A number of readers sent this link, and it was referenced in the nearly 2 hour live chat earlier today!
Chronicle Vitae's “Dear Student” series, featuring snarky professor and TA retorts to common student requests for leniency, has garnered some push-back recently from professors and graduate instructors alike (folks like Jesse Stommel, Dexter Thomas, Dorothy Kim, and Kevin Gannon), who argue that public venting about miscreant students is unkind and inappropriate and discouraging to students, not to mention bad for morale. It's hard to argue with them on those points. Stommel’s post spurred indignation at the idea that students struggling with mental health concerns, financial pressures, and job anxieties (as well as actually dead or dying grandmothers) would find their requests for leniency subjected to ridicule. In short, as Kevin Gannon’s post urged, we should “punch up, not down.”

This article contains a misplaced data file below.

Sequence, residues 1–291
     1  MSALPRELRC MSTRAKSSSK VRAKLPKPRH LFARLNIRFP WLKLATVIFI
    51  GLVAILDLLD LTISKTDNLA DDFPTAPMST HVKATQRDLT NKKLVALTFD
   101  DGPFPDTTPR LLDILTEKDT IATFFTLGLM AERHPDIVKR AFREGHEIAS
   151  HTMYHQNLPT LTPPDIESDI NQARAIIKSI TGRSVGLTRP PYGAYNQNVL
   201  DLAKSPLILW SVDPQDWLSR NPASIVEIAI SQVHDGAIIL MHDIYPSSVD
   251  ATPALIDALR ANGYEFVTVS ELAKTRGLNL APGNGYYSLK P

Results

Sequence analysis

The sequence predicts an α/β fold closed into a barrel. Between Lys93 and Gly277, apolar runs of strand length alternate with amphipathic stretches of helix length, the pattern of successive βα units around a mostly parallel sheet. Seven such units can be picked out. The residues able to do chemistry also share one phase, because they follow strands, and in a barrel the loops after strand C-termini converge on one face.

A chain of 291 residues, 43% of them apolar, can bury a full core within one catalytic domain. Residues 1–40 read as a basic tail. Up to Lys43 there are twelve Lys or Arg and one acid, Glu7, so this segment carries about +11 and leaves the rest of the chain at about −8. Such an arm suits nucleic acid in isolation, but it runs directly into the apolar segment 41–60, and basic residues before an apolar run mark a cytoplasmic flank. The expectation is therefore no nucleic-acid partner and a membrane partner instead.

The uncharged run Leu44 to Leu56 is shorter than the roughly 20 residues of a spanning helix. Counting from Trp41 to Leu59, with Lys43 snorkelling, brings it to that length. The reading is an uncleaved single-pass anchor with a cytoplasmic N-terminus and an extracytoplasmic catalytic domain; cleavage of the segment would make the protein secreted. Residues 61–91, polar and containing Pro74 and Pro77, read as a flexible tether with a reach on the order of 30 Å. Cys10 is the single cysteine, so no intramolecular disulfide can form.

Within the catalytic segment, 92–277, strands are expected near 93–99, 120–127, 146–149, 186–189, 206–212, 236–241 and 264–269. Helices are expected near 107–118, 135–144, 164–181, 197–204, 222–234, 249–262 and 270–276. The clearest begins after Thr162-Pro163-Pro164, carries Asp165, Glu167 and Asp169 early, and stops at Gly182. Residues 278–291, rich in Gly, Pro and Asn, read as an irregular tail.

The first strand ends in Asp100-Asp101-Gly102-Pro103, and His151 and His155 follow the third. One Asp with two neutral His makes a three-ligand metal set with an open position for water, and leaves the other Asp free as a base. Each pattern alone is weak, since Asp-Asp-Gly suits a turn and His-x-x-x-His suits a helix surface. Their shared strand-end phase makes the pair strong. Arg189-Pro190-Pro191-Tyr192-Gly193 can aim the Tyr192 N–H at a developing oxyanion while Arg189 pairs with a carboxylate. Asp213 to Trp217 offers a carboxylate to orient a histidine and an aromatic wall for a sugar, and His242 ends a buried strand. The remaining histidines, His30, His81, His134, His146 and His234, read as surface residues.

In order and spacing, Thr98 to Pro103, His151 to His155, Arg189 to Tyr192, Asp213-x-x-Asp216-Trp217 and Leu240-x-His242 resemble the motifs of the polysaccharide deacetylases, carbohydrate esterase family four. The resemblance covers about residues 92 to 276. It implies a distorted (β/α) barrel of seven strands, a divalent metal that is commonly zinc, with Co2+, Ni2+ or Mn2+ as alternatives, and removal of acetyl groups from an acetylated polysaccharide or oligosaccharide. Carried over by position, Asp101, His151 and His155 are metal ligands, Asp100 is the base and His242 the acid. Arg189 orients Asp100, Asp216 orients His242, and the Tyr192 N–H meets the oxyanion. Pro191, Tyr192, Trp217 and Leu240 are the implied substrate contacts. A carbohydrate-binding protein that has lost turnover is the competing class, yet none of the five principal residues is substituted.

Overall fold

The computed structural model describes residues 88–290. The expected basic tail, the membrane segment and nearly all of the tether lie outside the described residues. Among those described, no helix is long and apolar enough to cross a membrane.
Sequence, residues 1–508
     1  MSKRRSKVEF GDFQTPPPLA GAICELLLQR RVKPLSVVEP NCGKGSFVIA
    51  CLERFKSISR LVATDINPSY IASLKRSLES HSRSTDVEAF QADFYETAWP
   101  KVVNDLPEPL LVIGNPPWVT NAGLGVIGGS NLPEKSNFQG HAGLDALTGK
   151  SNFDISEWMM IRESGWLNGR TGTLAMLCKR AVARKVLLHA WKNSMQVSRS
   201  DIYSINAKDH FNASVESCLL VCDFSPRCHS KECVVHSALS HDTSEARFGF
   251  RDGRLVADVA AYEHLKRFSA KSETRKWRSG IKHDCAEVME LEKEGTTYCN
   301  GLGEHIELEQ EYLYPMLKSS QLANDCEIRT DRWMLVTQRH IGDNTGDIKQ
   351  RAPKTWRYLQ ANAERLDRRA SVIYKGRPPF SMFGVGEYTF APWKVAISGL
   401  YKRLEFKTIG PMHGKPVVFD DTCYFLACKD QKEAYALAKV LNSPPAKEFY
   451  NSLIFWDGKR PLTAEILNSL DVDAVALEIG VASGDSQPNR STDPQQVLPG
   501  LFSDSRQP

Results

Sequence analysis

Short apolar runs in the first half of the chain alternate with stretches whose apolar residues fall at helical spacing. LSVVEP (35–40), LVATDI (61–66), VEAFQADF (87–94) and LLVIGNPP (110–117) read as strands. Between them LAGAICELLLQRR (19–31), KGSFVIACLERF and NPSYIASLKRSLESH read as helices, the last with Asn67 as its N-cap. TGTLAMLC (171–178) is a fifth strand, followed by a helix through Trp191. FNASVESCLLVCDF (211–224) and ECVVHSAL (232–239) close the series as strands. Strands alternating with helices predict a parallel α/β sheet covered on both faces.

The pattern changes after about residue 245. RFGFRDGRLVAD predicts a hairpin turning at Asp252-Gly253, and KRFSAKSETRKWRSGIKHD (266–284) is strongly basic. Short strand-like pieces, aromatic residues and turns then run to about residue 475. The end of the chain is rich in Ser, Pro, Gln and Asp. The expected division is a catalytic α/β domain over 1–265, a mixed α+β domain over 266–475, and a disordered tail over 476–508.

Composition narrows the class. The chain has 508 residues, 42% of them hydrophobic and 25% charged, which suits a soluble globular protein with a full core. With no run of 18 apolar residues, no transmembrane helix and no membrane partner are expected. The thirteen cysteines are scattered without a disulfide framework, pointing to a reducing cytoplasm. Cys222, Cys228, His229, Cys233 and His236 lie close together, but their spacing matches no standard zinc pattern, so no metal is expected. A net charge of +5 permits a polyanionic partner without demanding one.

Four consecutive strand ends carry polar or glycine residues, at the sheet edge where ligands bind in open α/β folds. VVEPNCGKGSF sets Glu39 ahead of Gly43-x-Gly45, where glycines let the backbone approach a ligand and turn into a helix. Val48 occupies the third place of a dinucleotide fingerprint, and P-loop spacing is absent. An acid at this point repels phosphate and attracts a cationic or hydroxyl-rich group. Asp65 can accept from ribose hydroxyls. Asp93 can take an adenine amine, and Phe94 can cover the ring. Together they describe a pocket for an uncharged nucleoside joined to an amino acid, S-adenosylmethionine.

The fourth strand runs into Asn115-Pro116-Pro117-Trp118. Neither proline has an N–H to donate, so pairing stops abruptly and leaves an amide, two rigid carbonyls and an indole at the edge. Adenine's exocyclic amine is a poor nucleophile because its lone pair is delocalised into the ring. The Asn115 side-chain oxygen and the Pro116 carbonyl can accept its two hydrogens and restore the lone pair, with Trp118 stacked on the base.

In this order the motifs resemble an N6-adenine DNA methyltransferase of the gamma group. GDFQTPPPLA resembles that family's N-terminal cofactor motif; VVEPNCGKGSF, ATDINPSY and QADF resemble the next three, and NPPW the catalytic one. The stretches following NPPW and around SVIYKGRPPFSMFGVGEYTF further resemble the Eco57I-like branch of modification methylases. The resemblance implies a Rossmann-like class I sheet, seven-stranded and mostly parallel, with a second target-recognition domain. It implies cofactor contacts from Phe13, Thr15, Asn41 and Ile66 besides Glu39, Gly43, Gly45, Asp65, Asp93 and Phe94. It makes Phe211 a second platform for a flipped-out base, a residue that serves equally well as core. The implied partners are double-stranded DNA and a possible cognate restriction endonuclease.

But before we double down on our indignation at this public grumbling, let’s take a moment to consider their source. As some of the replies to Stommel's post made clear, many of the complaining instructors saw their harsh critiques of student behaviors as punching up. In other words, they viewed their students as more privileged than themselves, and they saw these students’ requests for indulgence — an excusal, an extension, or some other bending of the rules—as unthinking expressions of that privilege.